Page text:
Chapter 9

One of the thieves come back again! I’ll stand close.
He dares not wrong me now, so near the house,
And call in vain ’tis, till I see him offer it.

The Widow.

“A stranger!” echoed the Justice,—“not upon business, I trust, for I’ll be——”

His protestation was cut short by the answer of the man himself. “My business is of a nature somewhat onerous and particular,” said my acquaintance Mr. Campbell,—for it was he, the very Scotchman whom I had seen at Northallerton,—“and I must solicit your honour to give instant and heedful consideration to it—I believe, Mr. Morris,” he added, fixing his eye on that person with a look of peculiar firmness and almost ferocity—“I believe ye ken brawly what I am—I believe ye cannot have forgotten what passed at our last meeting on the road?” Morris’s jaw dropped—his countenance became the colour of tallow—his teeth chattered, and he gave visible signs of the utmost consternation. “Take heart of grace, man,” said Campbell, “and dinna sit clattering your jaws there like a pair of castanets! I think there can be nae difficulty in your telling Mr. Justice, that ye have seen me of yore, and ken me to be a cavalier of fortune, and a man of honour.—Ye ken fu’ weel ye will be some time resident in my vicinity, when I may have the power, as I will possess the inclination, to do you as good a turn.”

“Sir—sir—I believe you to be a man of honour, and, as you say, a man of fortune.—Yes, Mr. Inglewood,” he added, clearing his voice, “I really believe this gentleman to be so.”

“And what are this gentleman’s commands with me?” said the Justice, somewhat peevishly. “One man introduces another, like the rhymes in the ‘house that Jack built,’ and I get company without either peace or conversation!”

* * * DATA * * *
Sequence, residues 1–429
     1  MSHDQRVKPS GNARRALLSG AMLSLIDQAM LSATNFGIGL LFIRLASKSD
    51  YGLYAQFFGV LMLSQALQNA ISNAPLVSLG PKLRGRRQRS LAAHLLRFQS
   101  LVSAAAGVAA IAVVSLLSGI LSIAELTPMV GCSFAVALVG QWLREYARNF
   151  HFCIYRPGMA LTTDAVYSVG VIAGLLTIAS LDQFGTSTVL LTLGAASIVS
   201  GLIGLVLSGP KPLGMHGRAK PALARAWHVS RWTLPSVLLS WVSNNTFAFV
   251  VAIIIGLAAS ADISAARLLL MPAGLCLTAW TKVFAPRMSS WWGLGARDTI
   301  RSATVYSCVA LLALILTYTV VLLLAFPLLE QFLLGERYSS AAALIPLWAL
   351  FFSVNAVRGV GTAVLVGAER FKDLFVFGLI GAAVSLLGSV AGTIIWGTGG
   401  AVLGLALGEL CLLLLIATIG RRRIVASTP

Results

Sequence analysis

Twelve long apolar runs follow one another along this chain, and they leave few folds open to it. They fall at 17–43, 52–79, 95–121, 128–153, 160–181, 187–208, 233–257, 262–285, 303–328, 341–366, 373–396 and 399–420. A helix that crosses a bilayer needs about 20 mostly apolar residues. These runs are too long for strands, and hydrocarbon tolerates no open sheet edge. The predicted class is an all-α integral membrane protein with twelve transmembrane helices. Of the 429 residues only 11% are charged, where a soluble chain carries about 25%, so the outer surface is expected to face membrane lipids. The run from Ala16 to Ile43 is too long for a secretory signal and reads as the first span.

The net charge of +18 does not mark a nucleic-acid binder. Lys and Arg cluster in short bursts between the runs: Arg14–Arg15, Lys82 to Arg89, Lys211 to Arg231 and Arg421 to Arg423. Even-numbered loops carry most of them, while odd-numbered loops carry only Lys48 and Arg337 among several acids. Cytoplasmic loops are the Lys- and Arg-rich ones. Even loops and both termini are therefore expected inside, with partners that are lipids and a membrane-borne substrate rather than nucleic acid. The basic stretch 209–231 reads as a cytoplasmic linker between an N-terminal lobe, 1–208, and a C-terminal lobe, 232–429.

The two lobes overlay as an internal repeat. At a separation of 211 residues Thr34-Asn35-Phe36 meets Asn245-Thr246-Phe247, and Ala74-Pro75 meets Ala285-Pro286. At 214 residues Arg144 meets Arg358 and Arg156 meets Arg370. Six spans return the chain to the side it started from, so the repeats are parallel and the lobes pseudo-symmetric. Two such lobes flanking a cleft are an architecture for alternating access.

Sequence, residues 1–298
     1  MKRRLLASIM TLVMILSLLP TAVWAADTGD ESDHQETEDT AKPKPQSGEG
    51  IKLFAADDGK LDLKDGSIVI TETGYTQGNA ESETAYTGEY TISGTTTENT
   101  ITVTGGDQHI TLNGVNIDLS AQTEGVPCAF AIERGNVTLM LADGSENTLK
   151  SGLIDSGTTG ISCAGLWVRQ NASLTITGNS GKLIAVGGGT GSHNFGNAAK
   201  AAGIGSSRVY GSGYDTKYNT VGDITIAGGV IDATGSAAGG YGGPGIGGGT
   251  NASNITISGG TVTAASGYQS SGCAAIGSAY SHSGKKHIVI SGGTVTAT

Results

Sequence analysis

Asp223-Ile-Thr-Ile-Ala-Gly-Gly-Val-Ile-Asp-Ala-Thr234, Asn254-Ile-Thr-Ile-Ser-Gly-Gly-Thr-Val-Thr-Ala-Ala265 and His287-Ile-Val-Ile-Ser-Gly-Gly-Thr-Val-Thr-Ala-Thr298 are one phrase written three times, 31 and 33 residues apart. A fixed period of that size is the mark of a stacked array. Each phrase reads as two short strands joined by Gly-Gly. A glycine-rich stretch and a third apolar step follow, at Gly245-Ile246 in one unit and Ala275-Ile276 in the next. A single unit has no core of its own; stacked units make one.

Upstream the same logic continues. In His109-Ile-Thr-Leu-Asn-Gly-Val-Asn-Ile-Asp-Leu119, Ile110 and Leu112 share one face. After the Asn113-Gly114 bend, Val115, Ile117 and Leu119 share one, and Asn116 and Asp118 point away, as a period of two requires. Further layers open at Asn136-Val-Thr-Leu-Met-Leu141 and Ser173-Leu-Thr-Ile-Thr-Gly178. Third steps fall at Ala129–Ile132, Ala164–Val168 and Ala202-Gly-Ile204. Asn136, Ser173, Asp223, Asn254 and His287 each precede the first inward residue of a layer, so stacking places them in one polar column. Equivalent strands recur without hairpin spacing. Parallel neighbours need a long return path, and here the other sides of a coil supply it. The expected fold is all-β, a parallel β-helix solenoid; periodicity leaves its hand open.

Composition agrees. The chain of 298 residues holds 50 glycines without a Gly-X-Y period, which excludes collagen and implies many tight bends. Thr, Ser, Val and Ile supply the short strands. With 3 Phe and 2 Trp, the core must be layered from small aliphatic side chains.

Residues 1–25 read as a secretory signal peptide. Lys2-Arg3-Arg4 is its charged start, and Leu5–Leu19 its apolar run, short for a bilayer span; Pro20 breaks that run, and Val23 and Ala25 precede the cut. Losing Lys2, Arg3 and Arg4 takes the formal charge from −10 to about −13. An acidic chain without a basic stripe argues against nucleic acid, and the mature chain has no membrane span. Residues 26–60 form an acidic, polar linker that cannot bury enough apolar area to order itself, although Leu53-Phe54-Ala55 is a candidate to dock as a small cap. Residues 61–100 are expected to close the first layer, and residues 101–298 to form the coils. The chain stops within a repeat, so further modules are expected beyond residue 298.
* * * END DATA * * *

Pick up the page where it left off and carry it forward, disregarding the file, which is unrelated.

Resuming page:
“Both shall be yours, sir,” answered Campbell, “in a brief period of time. I come to release your mind from a piece of troublesome duty, not to make increment to it.”

“Body o’ me! then you are welcome as ever Scot was to England, and that’s not saying much—but get on, man, let’s hear what you have got to say at once.”

“I presume this gentleman,” continued the North Briton, “told you there was a person of the name of Campbell with him, when he had the mischance to lose his valise?”

“He has not mentioned such a name, from beginning to end of the matter,” said the Justice.

“Ah! I conceive—I conceive,” replied Mr. Campbell; “Mr. Morris was kindly afeared of committing a stranger into collision wi’ the judicial forms of the country; but as I understand my evidence is necessary to the compurgation of ane honest gentleman here, Mr. Francis Osbaldistone, wha has been most unjustly suspected, I will dispense with the precaution—Ye will, therefore (he added, addressing Morris with the same determined look and accent), please tell Mr. Justice Inglewood, whether we did not travel several miles together on the road, in consequence of your own anxious request and suggestion, reiterated ance and again, baith on the evening that we were at Northallerton, and there declined by me, but afterwards accepted, when I overtook ye on the road near Cloberry Allers, and was prevailed on by you to resign my ain intentions of proceeding to Rothbury; and, for my misfortune, to accompany you on your proposed route.”

“It’s a melancholy truth,” answered Morris, holding down his head, as he gave this general assent to the long and leading question which Campbell put to him, and seeming to acquiesce in the statement it contained with rueful docility.

“And I presume you can also asseverate to his worship, that no man is better qualified than I am to bear testimony in this case, seeing that I was by you, and near you, constantly during the whole occurrence?”

  By PanEris using Melati.

Previous chapter Back Home Email this Search Discuss Bookmark Next chapter/page
Copyright: All texts on Bibliomania are © Ltd, and may not be reproduced in any form without our written permission. See our FAQ for more details.